6. Wages

7. Information about employment conditions and protection in case of dismissals

8. Social dialogue and involvement of workers

9. Work-life balance

10. Healthy, safe and well-adapted work environment and data protection

11. Childcare and support to children

12. Social protection

13. Unemployment benefits

14. Minimum income

15. Old age income and pensions

16. Health care

17. Inclusion of people with disabilities

18. Long-term care

19. Housing and assistance for the homeless

20. Access to essential services

The majority of these principles are regulated by the EU acquis and the rest are concrete objectives addressing the effects of future social, economic and technological developments. The Action Plan also proposes headline targets for the EU to reach by 2030. These are ensuring at least 78% of the population aged 20 to 64 are in employment, ensuring at least 60% of all adults participating in training every year, reducing the number of people at risk of poverty and social exclusion by 15 million.

Implementation of the Pillar is a joint responsibility of the EU institutions, national, regional and local administrations, social partners and the civil society.  Multi-Annual Financial Framework 2021-2027, NextGenerationEU and ESF+ will be used for supporting reforms and investments.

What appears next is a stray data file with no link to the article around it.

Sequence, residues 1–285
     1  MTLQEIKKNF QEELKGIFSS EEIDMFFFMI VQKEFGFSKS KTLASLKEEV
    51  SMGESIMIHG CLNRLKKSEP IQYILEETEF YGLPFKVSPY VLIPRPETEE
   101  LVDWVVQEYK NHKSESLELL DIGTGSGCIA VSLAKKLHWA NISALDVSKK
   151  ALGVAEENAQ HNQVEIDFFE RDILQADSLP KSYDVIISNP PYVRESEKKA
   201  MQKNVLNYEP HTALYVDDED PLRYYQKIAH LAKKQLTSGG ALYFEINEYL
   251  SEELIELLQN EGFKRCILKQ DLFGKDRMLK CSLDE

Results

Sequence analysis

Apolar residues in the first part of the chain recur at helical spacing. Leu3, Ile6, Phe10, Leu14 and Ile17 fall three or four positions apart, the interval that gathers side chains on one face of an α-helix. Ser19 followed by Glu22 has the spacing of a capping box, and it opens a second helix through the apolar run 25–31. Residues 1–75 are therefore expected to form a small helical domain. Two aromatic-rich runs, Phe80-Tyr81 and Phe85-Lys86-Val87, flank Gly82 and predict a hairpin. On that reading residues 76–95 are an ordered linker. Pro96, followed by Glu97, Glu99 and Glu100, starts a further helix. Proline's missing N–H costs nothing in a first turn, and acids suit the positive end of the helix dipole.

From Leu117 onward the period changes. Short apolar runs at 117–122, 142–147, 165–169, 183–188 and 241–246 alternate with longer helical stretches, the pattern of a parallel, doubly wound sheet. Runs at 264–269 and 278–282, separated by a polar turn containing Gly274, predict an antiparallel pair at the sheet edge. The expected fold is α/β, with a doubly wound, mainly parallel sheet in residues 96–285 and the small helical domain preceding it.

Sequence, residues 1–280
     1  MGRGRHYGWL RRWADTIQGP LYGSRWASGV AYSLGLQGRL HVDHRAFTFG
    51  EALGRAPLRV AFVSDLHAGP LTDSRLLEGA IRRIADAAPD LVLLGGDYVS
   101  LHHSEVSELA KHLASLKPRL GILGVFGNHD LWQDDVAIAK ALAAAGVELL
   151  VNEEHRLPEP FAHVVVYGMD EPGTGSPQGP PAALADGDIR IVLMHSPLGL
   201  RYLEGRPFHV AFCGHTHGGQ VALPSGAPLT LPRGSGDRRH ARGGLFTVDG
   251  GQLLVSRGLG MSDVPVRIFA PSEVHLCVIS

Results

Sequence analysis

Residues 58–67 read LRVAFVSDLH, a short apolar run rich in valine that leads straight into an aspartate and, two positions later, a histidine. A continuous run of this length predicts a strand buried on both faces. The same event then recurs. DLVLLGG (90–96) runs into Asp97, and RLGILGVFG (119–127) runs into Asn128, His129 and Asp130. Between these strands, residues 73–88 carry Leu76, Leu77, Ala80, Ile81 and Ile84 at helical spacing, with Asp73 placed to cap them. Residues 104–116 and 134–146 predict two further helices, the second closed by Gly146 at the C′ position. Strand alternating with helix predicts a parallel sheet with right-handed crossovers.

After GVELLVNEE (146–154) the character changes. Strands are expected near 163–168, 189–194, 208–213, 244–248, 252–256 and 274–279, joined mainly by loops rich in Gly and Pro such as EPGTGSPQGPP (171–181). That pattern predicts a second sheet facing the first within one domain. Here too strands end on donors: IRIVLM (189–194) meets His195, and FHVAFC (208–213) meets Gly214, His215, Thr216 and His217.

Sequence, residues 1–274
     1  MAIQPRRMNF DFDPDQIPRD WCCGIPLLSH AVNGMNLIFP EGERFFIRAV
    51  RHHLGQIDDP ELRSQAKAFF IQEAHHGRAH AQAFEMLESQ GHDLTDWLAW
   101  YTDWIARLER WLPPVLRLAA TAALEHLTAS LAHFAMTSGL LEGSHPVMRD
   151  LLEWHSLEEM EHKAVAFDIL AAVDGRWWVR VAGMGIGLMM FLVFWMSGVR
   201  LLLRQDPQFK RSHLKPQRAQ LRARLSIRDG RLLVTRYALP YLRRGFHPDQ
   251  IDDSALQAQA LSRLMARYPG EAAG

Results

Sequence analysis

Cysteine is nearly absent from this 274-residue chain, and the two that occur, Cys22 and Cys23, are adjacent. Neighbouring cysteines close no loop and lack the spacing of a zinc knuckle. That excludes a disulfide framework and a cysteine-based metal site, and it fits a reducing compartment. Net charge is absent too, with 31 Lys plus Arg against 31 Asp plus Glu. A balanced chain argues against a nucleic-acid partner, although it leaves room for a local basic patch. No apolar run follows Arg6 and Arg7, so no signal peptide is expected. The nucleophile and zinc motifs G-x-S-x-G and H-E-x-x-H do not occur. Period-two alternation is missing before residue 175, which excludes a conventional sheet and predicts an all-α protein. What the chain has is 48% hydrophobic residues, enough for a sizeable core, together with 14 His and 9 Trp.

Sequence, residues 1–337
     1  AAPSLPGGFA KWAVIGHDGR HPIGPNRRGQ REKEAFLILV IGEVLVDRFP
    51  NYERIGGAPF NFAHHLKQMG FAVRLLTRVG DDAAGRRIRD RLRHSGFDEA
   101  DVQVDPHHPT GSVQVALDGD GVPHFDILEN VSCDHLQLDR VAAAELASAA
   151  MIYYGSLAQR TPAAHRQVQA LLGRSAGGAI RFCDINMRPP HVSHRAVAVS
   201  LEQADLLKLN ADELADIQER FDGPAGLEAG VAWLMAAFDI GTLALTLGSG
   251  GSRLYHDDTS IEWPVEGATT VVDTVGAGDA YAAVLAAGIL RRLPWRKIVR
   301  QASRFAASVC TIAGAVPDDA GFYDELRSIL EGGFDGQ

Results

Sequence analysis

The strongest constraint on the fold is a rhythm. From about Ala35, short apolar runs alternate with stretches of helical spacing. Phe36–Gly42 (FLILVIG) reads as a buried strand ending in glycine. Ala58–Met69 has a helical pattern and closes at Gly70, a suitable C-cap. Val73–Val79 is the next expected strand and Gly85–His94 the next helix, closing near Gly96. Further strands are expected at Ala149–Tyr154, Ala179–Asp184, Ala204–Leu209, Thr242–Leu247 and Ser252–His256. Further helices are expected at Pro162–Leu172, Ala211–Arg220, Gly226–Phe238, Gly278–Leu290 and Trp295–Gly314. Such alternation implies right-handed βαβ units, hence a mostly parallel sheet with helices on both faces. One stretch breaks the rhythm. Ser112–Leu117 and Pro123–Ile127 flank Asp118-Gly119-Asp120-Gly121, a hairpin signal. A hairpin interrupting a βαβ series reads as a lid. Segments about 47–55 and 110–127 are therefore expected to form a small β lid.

Other framework strategy documents in this policy area are;

EU Gender Equality Strategy (2020-2025)

Strategy for the Rights of Persons with Disabilities (2021-2030)

Strategic Framework on Health and Safety at Work (2021-2027)

Current Stage of the Negotiations on the Chapter

In the period of German Presidency of the European Union Council (19 January 2007), two opening benchmarks were determined to open the negotiations in this chapter.

The first benchmark is about ensuring full trade union rights in line with EU standards and relevant ILO conventions in particular as regards the right to organize, the right to strike and the right to bargain collectively both in public and private sectors.

Second benchmark is the submission of an action plan for the gradual implementation and enforcement of the relevant acquis for the benefit of the entire workforce.